Time to rethink placing bonds in tax advantaged?

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Time to rethink placing bonds in tax advantaged?

Postby Clivus1 » Fri May 10, 2013 9:22 am

Is it time to revisit the conventional approach of placing bonds in tax advantaged accounts?

The yield on Vanguard Total Bond Market Admiral mutual fund shares is 1.56%.

The yield on Vanguard Total Stock Market Admiral mutual fund shares is 1.97%.

Past performance does not predict the future, but bond yields seem likely to remain low for the near term. Most rebalancing now involves selling equities and buying bonds.

Anyone have thoughts?
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Re: Time to rethink placing bonds in tax advantaged?

Postby livesoft » Fri May 10, 2013 9:27 am

viewtopic.php?f=1&t=104265
viewtopic.php?f=1&t=101897

I hope it is pretty clear that one would not sell all their equities in taxable, pay the cap gains taxes, then invest the proceeds into bond funds.
It's all about short-term opportunistic rebalancing due to a short-term change in one's asset allocation, uh, I mean opportunistic rebalancing, uh I mean rebalancing, uh I mean market timing.
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Re: Time to rethink placing bonds in tax advantaged?

Postby Leesbro63 » Fri May 10, 2013 9:44 am

I agree that it's too tax-costly to shift gears. But for new money/young investors or if we ever crash again and there are tax lost harvesting opportunities (heaven forbid! :) ) it might make sense to consider equities in sheltered accounts now.
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Re: Time to rethink placing bonds in tax advantaged?

Postby livesoft » Fri May 10, 2013 9:47 am

Furthermore, consider the tax rates on those TSM and TBM dividends. They are not the same, so one's after-tax yield is something to look at.
Last edited by livesoft on Fri May 10, 2013 9:50 am, edited 1 time in total.
It's all about short-term opportunistic rebalancing due to a short-term change in one's asset allocation, uh, I mean opportunistic rebalancing, uh I mean rebalancing, uh I mean market timing.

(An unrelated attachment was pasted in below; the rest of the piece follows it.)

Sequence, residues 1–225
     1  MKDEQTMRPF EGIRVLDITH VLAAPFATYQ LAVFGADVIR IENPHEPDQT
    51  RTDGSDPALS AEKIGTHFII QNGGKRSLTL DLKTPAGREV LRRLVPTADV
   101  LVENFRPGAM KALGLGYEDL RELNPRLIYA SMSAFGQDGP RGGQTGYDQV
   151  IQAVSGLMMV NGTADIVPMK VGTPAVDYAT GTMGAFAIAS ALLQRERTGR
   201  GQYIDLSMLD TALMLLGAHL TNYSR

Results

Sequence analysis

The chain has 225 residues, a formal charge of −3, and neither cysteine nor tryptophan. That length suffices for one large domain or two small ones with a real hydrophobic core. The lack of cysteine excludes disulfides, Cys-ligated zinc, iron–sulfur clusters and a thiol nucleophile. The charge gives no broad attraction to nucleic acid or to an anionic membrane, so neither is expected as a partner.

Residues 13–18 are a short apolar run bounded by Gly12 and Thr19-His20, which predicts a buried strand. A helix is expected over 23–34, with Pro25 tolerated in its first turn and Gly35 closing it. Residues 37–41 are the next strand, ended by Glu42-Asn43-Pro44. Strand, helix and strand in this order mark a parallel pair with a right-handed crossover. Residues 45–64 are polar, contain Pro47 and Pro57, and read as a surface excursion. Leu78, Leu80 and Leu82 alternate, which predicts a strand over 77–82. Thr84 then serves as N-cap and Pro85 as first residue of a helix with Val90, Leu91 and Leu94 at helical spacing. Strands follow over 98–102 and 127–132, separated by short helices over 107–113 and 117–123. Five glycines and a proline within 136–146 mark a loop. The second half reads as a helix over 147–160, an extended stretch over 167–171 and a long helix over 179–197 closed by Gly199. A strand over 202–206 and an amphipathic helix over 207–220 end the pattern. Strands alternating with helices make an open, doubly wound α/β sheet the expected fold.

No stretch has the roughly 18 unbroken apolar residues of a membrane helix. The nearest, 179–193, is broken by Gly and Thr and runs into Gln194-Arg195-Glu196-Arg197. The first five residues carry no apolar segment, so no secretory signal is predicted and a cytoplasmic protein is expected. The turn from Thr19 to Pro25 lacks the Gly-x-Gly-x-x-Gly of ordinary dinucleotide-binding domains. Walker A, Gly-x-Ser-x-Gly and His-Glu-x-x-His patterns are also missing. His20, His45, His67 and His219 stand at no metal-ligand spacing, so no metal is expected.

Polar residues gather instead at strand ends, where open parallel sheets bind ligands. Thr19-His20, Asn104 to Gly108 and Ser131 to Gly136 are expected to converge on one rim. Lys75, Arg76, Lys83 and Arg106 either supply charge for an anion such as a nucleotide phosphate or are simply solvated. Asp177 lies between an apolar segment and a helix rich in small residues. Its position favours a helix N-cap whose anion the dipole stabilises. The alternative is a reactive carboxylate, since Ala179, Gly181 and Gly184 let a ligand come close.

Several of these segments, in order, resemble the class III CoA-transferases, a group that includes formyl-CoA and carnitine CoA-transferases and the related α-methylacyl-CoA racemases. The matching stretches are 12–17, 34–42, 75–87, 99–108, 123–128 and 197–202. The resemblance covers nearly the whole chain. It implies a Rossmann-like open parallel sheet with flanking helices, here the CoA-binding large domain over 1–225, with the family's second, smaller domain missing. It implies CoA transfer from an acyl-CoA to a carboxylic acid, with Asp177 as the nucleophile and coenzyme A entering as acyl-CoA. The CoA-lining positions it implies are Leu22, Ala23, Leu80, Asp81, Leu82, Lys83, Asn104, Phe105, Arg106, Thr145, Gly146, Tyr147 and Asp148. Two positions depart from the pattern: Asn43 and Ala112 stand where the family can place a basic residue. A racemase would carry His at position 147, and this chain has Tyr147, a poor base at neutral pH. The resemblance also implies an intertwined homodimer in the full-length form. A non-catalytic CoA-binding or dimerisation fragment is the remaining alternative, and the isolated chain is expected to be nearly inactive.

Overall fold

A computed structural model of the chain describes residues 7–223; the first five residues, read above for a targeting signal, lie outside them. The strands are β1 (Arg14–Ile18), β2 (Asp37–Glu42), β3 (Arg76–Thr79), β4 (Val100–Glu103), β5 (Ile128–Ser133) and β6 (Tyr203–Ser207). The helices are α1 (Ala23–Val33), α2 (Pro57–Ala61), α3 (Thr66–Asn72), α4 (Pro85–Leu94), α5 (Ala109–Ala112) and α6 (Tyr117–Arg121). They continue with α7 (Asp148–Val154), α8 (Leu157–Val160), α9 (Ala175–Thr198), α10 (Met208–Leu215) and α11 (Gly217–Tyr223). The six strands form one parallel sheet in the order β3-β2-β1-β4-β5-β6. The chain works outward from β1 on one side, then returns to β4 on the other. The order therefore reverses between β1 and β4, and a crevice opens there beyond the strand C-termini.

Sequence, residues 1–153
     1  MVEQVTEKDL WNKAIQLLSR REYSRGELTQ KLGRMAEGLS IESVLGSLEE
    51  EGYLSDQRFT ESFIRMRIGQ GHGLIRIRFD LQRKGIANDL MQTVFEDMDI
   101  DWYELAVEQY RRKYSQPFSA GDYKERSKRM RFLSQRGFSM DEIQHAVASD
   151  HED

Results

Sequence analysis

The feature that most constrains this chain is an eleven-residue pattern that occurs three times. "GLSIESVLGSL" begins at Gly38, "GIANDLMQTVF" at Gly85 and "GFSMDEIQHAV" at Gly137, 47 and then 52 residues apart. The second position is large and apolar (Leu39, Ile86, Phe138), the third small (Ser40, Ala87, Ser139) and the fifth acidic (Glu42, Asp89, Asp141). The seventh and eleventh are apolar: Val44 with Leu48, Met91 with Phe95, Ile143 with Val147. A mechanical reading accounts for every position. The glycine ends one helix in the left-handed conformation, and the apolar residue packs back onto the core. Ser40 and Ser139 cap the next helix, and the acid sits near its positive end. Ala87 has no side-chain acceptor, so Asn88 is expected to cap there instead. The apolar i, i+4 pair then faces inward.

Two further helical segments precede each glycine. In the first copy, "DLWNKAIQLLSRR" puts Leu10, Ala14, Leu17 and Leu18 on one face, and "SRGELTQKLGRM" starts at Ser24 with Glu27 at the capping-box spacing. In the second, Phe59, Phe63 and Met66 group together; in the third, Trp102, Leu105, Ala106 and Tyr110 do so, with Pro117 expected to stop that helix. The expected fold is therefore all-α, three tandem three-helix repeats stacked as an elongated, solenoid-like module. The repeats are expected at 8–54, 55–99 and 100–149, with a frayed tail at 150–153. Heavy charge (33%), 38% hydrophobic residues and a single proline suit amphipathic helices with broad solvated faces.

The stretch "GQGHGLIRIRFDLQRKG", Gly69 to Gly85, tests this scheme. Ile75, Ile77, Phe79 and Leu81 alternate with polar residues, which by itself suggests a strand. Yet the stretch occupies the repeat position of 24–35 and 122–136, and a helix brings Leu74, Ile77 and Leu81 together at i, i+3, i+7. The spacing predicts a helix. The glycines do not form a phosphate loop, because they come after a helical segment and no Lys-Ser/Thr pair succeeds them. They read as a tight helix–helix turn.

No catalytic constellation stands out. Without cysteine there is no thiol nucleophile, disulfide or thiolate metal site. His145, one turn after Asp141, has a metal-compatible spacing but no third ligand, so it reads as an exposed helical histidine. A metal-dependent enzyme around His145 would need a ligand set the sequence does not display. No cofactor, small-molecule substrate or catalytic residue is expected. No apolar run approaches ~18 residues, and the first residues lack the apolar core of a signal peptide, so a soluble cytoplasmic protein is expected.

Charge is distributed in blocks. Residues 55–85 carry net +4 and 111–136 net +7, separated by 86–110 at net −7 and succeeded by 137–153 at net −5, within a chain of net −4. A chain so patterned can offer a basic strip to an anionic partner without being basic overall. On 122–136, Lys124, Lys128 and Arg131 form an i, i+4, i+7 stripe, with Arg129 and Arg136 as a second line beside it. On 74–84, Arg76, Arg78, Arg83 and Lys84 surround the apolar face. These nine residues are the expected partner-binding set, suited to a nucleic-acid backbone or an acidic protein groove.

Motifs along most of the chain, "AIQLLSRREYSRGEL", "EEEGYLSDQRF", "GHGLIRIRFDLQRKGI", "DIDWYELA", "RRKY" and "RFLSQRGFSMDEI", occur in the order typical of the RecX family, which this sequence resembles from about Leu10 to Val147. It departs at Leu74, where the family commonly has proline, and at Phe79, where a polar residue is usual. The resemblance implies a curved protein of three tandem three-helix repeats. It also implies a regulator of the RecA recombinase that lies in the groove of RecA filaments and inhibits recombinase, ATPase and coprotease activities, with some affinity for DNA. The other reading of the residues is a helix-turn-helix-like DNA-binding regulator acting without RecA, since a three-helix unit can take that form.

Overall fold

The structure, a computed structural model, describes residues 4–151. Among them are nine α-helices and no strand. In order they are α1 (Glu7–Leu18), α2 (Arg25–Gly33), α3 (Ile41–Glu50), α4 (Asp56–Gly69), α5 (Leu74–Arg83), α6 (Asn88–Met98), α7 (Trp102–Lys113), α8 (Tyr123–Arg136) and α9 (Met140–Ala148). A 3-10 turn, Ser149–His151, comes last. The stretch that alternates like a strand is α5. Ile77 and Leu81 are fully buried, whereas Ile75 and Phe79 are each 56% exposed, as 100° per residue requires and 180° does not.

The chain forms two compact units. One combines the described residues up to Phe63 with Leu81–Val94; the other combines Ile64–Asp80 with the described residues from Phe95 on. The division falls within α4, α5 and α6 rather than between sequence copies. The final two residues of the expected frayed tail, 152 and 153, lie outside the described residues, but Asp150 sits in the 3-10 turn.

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Re: Time to rethink placing bonds in tax advantaged?

Postby PR101 » Fri May 10, 2013 9:50 am

Note that bond fund dividends are taxed as ordinary income, while most stock fund dividends are qualified dividends that are taxed at lower rates.
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Re: Time to rethink placing bonds in tax advantaged?

Postby grabiner » Fri May 10, 2013 10:48 pm

I looked at this in a previous thread: When to prefer low-rate bonds to stocks in taxable, but I believe my conclusion there is not quite correct.

If a municipal-bond fund yields less than a stock-index fund, it may make sense to hold the bond fund in a taxable account. The municipal-bond fund presumably loses 33% of its yield to taxes (assuming it is priced at the same after-tax return as a corporate fund in a 25% tax bracket). The stock fund loses 15% of its yield to taxes every year, and about 10% of its total return to capital-gains tax. If the yields are equal and the stock fund returns a normal 8%, this is close to break-even; the linked post has an example.

But the italicized phrase is important. In this example, the bond and stock funds have equal taxes if the stock fund returns 8%, but the stock fund has lower taxes if it returns 5% and higher taxes if it returns 11%. Thus, by putting the stock fund in your taxable account, you get the same expected return with lower risk, because the IRS will share some of your stock losses.

There is also the additional concern that you might not have to pay the capital-gains tax on the stock fund. If stock returns are high, you probably won't sell all your stock in your lifetime; you will leave some to your heirs, or give it away to charity.

But it may still make sense to hold bonds in taxable if there is a state tax issue. If you live in CA, for example, you have a 1.58% yield on CA Intermediate-Term Tax-Exempt Admiral shares with an effective tax of 0.52%, or a 1.97% yield on Total Stock Market Admiral Shares with an actual tax rate of 0.43% (0.30% federal + 0.18% state at 9.3% - 0.05% federal tax deduction from state taxes at 28%). And in any state, it's often a good idea to buy I-Bonds in taxable because they are exempt from state tax and have higher rates than TIPS held for less than twenty years.

If you do buy bonds in a taxable account, you'll want to switch to stocks in taxable if interest rates rise; this should not cause a tax problem, as rising interest rates will cause bond prices to fall and allow you to sell the bond fund for a capital loss.